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The views expressed are those of the author and do not necessarily reflect the views of ASPA as an organization.
By Linda Barnes
September 29, 2015
Psychology Today magazine defines Emotional intelligence as the ability to identify and manage your own emotions and the emotions of others. It includes three skills:
1. Emotional awareness, including the ability to identify your own emotions and those of others.
2. The ability to harness emotions and apply them to tasks like thinking and problem solving.
3. The ability to manage emotions, including the ability to regulate your own emotions and the ability to cheer up or calm down another person.
Attributes of Emotional Intelligence
According to Jessica Cambridge in her book, Emotional Intelligence: How to Quickly Develop Your Emotional Intelligence, Complete Guide to Improving Your Emotional Intelligence for Life, the four attributes of emotional intelligence are:
1. Relationship Management – Being able to develop and maintain genuine relationships with others including influencing, inspiring, handling conflict, communicating clearly and working together as a team.
2. Social Awareness – Being able to understand fully the concerns, needs and emotions of others, feeling comfortable with them socially, picking up the pieces of their emotional cues and recognizing their efforts.
3. Self-Management – Being able to adapt to circumstances, honoring commitments, controlling impulsive behavior or feelings and manage your emotional well-being in a healthy way.
4. Self-awareness – Being able to recognize your emotions and how they affect your behavior and thoughts. It also helps to be aware of your strengths and weaknesses and develop self-confidence.
Why is emotional intelligence important at work?
It is important to have emotional intelligence at work. It is a place where people of diverse personalities and backgrounds come together on a daily basis to accomplish tasks and conflicts can easily arise. It takes emotional intelligence to resolve conflicts and move forward to being productive again. Employees may also need to work together closely on teams to accomplish shared tasks.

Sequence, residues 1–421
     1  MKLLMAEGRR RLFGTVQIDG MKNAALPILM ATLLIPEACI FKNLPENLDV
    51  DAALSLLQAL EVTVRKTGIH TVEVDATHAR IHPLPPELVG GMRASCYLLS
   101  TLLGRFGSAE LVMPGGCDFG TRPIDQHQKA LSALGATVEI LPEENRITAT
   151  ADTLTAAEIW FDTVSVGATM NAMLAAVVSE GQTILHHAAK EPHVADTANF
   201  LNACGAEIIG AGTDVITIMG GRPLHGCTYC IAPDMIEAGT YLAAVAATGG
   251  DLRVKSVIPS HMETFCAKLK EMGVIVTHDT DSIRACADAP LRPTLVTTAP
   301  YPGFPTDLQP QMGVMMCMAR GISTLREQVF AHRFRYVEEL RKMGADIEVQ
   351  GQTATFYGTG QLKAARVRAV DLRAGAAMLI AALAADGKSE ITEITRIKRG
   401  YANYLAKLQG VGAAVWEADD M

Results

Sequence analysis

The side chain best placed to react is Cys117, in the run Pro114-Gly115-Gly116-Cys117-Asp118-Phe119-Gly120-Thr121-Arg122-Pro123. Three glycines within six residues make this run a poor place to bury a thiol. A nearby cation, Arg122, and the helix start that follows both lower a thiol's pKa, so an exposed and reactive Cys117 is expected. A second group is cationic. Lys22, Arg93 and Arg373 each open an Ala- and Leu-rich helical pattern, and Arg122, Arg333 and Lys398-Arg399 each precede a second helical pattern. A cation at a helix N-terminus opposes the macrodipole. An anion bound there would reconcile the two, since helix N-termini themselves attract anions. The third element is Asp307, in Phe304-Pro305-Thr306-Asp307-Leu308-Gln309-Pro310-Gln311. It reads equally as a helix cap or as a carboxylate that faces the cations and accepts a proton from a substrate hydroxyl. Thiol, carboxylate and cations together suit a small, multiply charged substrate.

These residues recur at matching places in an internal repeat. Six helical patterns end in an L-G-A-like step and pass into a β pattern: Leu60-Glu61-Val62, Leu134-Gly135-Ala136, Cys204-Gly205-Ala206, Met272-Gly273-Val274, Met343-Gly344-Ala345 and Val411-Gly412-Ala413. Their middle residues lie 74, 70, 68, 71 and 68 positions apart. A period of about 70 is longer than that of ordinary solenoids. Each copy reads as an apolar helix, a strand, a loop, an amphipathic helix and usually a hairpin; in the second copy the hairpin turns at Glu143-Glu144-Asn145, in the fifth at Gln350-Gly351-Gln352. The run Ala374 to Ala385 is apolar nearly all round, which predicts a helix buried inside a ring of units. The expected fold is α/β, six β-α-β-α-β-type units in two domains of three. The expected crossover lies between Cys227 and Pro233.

In his book, Working with Emotional Intelligence, Daniel Goleman presents five types of emotional intelligence to look for when hiring job applicants:
Emotionally intelligent employees are better able to adjust to change, which is very important. The workplace continues to evolve and new technologies and innovations are a daily happening. Flexibility is more important than ever.
Why it is important for managers and team leaders to have high emotional intelligence?
Emotional intelligence is the hallmark for effective work management. Cambridge lays out five ways to develop emotional intelligence in dealing with employees:
1. Figure out if you’re effectively communicating. Do your employees fully understand what you are asking?
2. Make sure you fully understand your employees.
3. Practice focused and deep listening when talking to your employees.
4. Pay attention to your emotions. Analyze how you respond and get feedback.
5. Ask your employees how they feel about the task or question.
Managing your emotions: Stop, drop and process
Sometimes we all need help managing our emotions so we do not react with anger when we’re feeling overwhelmed. You can learn a set of skills to manage your emotions: it is called “stop, drop and process.”
STOP – Do not act automatically on emotions. Stop and think about the consequences and the best way to approach the situation.
DROP – Before you can think through a situation rationally, you have to calm down. There are many ways to calm down or de-stress. It could be as simple as thinking about something that causes a positive feeling; meditating or doing yoga; spending time outside or playing with a pet.
PROCESS – Accurately identify the emotions you are feeling and identify the sources of those emotions. This will help you avoid overreacting in the future.
Improving your emotional intelligence can help you fulfill your personal and career goals, succeed at work and build stronger relationships. Focusing on my emotional intelligence at work has helped me to be more flexible and understanding of other people’s needs. It has also helped me take things in stride and not overreact to perceived negative behavior.
Author: Linda Barnes is a management and program analyst with the federal government where she specializes in human resource and administrative matters . She holds a bachelor’s degree in marketing from Northeastern Illinois University and a MPA degree from American Public University. Email: [email protected]